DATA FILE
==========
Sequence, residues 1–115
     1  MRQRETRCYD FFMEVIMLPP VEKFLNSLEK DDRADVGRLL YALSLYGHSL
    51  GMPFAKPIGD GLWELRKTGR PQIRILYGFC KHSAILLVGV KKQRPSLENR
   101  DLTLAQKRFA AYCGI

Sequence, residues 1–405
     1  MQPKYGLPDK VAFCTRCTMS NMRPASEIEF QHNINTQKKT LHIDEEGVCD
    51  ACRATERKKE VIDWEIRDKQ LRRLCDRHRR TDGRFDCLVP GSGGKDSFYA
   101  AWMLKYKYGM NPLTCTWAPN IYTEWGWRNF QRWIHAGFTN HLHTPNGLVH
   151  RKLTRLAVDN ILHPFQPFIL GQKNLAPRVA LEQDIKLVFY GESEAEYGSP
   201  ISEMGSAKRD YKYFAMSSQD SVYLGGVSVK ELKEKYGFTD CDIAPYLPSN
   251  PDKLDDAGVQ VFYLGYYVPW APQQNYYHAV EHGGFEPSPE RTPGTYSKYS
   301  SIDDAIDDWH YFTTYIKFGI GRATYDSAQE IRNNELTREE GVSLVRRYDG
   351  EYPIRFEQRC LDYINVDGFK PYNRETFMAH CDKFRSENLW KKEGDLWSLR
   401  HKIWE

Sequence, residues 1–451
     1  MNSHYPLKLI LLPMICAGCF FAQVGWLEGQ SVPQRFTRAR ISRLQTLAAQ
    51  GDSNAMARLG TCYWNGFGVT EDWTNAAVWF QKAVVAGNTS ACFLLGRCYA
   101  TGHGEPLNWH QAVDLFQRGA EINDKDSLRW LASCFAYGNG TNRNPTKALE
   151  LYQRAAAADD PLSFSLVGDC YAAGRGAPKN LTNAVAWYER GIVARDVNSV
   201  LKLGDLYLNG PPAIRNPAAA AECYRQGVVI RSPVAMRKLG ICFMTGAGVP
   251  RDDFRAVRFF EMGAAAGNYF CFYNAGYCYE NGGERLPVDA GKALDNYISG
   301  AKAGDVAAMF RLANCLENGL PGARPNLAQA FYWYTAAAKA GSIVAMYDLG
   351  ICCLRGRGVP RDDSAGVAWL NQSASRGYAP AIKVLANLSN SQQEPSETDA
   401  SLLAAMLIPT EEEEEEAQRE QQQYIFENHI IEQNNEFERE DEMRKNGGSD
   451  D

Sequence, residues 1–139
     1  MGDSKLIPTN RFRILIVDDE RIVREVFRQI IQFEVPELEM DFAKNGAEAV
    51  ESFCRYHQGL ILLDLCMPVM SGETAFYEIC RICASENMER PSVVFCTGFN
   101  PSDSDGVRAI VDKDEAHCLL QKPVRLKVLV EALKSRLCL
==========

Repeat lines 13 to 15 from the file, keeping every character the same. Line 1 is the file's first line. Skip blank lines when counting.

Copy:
   351  EYPIRFEQRC LDYINVDGFK PYNRETFMAH CDKFRSENLW KKEGDLWSLR
   401  HKIWE

Sequence, residues 1–451